Mike's Home Inspector Blog
Michael Burfitt, CPI
Mike's Home Inspector Blog
Michael Burfitt, CPI
While I pride myself on being thorough and detailed in all my inspections it is simply impossible to catch every small detail, especially when the previous owner/tenant’s belongings are still in place. Here are some examples of areas a home inspector generally doesn’t focus their priorities to. Not to say we don't look but it is rare we report on these issues:
I make it no secret that I am big on energy efficiency and am a huge fan of Light Emitting Diode (LED) bulbs. Fun fact, I actually worked with LED lighting all the way back in 1998 and saw great potential in it as a High School student. Simply put, LED bulbs are brighter, last longer, don’t fade with age and generate very little (waste) heat. In fact, the very first thing I did upon moving into our home was replace almost all our mostly incandescent lighting with LEDs. However, this is not something I check for because:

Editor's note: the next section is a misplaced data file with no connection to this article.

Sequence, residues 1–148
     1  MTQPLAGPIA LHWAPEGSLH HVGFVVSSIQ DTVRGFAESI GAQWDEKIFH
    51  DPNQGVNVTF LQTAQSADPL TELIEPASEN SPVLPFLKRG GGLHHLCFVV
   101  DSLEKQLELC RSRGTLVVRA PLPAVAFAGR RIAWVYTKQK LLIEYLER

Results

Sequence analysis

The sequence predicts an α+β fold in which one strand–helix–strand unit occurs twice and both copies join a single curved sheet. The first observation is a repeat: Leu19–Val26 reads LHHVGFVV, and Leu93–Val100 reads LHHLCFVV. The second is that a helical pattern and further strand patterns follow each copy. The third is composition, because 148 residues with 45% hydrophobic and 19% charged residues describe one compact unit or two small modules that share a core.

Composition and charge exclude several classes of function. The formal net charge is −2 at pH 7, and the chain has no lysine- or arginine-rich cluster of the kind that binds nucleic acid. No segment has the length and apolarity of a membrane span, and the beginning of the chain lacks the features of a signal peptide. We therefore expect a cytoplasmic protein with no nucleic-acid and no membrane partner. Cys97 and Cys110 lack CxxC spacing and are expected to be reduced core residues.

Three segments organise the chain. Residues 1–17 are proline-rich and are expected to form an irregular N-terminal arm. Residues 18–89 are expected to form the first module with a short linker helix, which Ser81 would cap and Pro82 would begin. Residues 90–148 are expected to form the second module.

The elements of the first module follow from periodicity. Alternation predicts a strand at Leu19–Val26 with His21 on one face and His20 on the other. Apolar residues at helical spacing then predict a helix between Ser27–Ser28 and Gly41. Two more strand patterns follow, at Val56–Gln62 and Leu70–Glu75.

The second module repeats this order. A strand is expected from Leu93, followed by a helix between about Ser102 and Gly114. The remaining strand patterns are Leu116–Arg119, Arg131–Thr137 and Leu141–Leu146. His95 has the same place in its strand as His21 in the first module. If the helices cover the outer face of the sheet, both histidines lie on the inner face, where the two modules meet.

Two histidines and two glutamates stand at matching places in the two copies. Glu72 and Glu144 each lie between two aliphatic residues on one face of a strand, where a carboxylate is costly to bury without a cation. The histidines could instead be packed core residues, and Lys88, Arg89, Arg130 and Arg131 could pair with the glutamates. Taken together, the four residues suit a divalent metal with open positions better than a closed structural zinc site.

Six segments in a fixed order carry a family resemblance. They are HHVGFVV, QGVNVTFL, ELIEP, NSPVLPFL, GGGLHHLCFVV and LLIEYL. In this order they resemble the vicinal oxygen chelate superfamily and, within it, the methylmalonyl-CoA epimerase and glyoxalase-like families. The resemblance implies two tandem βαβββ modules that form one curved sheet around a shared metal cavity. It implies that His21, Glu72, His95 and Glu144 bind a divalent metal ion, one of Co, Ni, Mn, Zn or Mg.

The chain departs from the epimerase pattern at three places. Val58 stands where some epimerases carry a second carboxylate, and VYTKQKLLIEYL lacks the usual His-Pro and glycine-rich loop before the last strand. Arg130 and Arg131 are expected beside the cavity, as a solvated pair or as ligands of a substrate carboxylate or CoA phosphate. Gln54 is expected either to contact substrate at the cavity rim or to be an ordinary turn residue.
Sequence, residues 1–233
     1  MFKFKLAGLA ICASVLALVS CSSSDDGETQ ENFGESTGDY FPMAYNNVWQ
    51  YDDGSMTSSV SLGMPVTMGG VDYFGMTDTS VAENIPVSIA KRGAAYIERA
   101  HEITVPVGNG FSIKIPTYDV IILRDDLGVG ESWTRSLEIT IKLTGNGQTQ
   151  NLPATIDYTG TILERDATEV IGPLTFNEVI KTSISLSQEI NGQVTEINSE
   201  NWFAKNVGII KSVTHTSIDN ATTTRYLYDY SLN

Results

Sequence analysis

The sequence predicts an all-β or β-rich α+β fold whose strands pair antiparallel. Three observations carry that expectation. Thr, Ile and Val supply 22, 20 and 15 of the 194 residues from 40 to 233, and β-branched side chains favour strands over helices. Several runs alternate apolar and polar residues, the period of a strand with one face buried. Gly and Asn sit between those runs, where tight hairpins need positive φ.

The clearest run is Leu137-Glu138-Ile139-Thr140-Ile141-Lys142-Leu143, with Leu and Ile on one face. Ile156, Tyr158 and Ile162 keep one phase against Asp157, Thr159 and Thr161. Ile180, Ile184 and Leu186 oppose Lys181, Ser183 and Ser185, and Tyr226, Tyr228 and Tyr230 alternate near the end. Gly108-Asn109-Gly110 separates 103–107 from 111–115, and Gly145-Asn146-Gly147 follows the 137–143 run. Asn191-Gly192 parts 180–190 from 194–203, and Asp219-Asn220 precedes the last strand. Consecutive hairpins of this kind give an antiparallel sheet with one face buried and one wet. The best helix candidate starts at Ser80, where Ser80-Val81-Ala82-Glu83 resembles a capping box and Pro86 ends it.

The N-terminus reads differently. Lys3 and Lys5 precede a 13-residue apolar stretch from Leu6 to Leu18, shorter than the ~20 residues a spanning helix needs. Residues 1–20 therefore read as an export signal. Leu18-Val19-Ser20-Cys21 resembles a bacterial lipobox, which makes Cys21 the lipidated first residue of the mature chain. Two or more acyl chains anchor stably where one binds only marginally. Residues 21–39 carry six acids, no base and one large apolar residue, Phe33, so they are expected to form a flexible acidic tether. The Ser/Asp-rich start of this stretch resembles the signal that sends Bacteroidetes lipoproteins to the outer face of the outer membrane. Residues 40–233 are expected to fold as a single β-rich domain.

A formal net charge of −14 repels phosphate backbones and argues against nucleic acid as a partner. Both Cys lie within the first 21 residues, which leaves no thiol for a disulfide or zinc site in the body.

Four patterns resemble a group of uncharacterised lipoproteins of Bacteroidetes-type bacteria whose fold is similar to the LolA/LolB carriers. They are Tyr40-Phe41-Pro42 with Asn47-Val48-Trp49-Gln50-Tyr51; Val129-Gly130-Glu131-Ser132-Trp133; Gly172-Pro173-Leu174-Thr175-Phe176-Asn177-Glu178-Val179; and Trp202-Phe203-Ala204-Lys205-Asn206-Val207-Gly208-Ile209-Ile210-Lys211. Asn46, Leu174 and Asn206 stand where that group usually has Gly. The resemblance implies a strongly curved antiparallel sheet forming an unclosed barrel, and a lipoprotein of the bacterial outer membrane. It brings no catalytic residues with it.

Not only are cosmetic finishes excluded from a standard home inspection, but in most cases the flooring, if it isn’t brand new, almost always has defective areas. It can be very difficult to identify the quality of a flooring installation from look alone and in many cases new homeowners prefer to change the flooring style anyway. I do look out for major safety issues, especially signs of rot in the subfloor but normal wear and tear, scratches, dents etc. are normal in a lived-in home and to be expected. I will however point out inappropriate flooring choices such as carpet in bathrooms and kitchens.